To true music snobs--those of us who possess unfuckwithable good taste coupled with the ability to remember that you used to think the Killers were "kinda cool"--music exists solely as a social weapon. To be like us, you don't have to love music. In fact, you don't even have to listen to music. You must simply cull opinions from the most hip magazines, and then espouse the complete opposite at social gatherings, whether you mean it or not. Or, if finding hip magazines is too laborious, try quoting directly from Maxim Blender.
Contrary to what VH1 and those limousine liberals would have you believe, music has little functional value in and of itself--and is only enjoyable in terms of its social significance. While, in some cases, purely personal music appreciation may occur, most people who leap at the opportunity to confess their teenage years were spent in their room with the door locked listening to the Smiths, have, in their un-coerced confession, demonstrated that even isolated listening rarely remains entirely in the realm of the personal. Also, for the purpose of this article, we will ignore people who claim to be into "all kinds of stuff." These people are hippies, and since their well meaning but moronic open mindedness doesn't jive with the music snobbery issue, they are henceforth removed from consideration.
Music is primarily a means of representing tribal allegiance. To the aspiring music snob, it is the ultimate commodity, becoming not merely an element of one's identity, but one's identity itself. Records take the place of interests. Mix tapes take the place of intimate conversation. Indierock, Metal, Hiphop, Punk Rock, Noise, Electronic, etc… are all mere means of self-representation. What you like is what you're like.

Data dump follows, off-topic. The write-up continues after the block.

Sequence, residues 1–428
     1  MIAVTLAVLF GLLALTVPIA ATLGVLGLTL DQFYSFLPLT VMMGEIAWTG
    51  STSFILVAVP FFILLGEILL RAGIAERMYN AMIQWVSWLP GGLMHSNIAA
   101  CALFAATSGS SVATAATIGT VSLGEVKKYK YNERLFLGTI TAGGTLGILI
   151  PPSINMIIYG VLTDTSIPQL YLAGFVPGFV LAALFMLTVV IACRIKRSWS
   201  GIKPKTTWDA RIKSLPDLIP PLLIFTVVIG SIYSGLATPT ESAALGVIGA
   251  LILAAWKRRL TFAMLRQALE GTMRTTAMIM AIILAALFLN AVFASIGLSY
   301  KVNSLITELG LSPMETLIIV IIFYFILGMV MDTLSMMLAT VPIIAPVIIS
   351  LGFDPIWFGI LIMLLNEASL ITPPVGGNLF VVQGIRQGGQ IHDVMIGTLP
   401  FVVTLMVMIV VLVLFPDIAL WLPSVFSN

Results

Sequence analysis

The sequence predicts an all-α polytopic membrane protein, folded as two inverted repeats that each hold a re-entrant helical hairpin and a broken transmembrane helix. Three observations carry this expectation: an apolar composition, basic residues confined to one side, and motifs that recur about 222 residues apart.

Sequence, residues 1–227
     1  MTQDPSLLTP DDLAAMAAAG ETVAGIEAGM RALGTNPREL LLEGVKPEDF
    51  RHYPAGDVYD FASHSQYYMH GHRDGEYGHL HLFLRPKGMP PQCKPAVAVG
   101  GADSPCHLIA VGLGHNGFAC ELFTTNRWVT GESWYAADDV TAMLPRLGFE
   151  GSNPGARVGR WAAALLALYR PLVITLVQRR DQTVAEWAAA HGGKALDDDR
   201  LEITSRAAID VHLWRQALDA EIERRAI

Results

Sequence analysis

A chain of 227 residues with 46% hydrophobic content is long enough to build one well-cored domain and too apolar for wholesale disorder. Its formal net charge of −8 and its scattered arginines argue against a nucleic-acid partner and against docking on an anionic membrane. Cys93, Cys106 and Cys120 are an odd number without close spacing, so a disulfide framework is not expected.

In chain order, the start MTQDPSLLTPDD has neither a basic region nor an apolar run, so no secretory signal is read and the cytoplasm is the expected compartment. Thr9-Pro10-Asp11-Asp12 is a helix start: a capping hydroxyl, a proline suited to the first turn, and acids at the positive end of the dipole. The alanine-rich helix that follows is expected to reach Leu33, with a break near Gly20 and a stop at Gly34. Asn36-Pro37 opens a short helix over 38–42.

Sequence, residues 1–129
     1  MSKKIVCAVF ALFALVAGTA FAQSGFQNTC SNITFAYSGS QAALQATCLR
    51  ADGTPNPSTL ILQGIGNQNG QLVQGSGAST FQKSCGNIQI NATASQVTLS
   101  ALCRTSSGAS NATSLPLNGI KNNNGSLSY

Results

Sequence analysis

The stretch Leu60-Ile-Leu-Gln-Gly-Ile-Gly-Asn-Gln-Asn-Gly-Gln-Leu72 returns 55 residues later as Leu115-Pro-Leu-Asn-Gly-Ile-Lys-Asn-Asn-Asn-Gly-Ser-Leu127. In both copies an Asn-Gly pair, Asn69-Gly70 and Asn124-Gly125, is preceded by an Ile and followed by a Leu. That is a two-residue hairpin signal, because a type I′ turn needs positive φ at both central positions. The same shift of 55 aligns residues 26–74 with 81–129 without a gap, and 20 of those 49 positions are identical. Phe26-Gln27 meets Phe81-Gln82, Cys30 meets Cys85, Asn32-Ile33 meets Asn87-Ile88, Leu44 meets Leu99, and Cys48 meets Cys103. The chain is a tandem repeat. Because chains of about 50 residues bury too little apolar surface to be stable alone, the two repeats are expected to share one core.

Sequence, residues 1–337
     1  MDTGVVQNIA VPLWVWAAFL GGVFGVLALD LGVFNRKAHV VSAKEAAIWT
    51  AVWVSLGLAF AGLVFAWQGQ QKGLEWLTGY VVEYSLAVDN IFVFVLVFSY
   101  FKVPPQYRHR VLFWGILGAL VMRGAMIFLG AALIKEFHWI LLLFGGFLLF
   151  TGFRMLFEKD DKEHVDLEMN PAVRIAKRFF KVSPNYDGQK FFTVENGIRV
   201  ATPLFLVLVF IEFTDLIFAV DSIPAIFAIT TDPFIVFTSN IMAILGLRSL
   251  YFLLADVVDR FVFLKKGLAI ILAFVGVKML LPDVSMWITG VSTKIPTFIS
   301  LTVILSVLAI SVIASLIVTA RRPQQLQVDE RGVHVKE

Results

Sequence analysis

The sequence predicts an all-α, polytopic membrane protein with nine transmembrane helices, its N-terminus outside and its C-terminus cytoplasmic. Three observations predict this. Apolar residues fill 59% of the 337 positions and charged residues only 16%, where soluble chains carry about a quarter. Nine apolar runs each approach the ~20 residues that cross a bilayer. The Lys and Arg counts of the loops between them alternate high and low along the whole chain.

Someone telling you he/she's into Pantera bears a significance far greater than that person's predisposition to listen to a Pantera record instead of If You're Feeling Sinister by Belle and Sebastian. It means, among other things, "Listen Jewish kid from the suburbs: I may hate you for being Jewish, or I may just hate you. Either way, don't fuck with me, 'cuz I am a person who listens to Pantera." Likewise, the Belle and Sebastian listener would never physically confront such a person, but would wait to lament this brute's existence in the most flowery and fey manner over tea with another of his kind--preferably a Neutral Milk Hotel aficionado.
The assumption that records are important to listen to, independent of their enhancement to one's social identity, is flawed. It is far more efficient to read about music, distilling a variety of thoughtful critical voices into your own snide, monosyllabic dismissal of someone else's favorite band, than to take the time to listen to record upon record and make an informed critical assessment of what you have just heard. In order to use music as an effective weapon, you must know what a record signifies, not from mere conjecture, but from the pantheon of professional assholes--music journalists. Only then can you, in turn, properly convey an accurate (if entirely fabricated) sense of self by testifying to a given record's radness/badness.
What if you initially liked that Elefant record, or Oasis's Be Here Now? Or did you get really excited about Louis XIV, only to realize they weren't highly regarded by anyone over 16? Let's hope no one remembers that. Be sure to talk shit about the Dandy's (but only if you live in PDX), praise Ratatat this year, but not next, and enjoy the Scissor Sisters as disposable pleasure. Just whatever you do, don't actually go to the trouble of listening to any of these bands. And regardless of your personal predilections, always answer the tired "Beatles vs. Stones" question with "the Kinks." If you say "King Crimson," you're a musical instrument store snob, and that's something entirely different.